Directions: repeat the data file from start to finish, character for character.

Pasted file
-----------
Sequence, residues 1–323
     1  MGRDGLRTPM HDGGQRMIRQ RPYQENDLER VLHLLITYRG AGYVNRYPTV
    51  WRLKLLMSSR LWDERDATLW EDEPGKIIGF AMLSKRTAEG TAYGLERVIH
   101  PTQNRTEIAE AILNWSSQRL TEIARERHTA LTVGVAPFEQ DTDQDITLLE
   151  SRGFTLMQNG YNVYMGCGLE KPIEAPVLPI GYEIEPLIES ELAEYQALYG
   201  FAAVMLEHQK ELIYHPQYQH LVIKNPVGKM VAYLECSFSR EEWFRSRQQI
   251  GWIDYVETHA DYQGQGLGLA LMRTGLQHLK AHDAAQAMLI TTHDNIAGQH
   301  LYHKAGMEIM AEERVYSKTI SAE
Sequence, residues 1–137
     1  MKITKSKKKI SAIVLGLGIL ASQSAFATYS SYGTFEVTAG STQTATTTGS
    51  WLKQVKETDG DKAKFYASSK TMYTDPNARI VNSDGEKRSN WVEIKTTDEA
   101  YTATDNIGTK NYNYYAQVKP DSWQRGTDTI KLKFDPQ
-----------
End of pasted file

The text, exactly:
Sequence, residues 1–323
     1  MGRDGLRTPM HDGGQRMIRQ RPYQENDLER VLHLLITYRG AGYVNRYPTV
    51  WRLKLLMSSR LWDERDATLW EDEPGKIIGF AMLSKRTAEG TAYGLERVIH
   101  PTQNRTEIAE AILNWSSQRL TEIARERHTA LTVGVAPFEQ DTDQDITLLE
   151  SRGFTLMQNG YNVYMGCGLE KPIEAPVLPI GYEIEPLIES ELAEYQALYG
   201  FAAVMLEHQK ELIYHPQYQH LVIKNPVGKM VAYLECSFSR EEWFRSRQQI
   251  GWIDYVETHA DYQGQGLGLA LMRTGLQHLK AHDAAQAMLI TTHDNIAGQH
   301  LYHKAGMEIM AEERVYSKTI SAE
Sequence, residues 1–137
     1  MKITKSKKKI SAIVLGLGIL ASQSAFATYS SYGTFEVTAG STQTATTTGS
    51  WLKQVKETDG DKAKFYASSK TMYTDPNARI VNSDGEKRSN WVEIKTTDEA
   101  YTATDNIGTK NYNYYAQVKP DSWQRGTDTI KLKFDPQ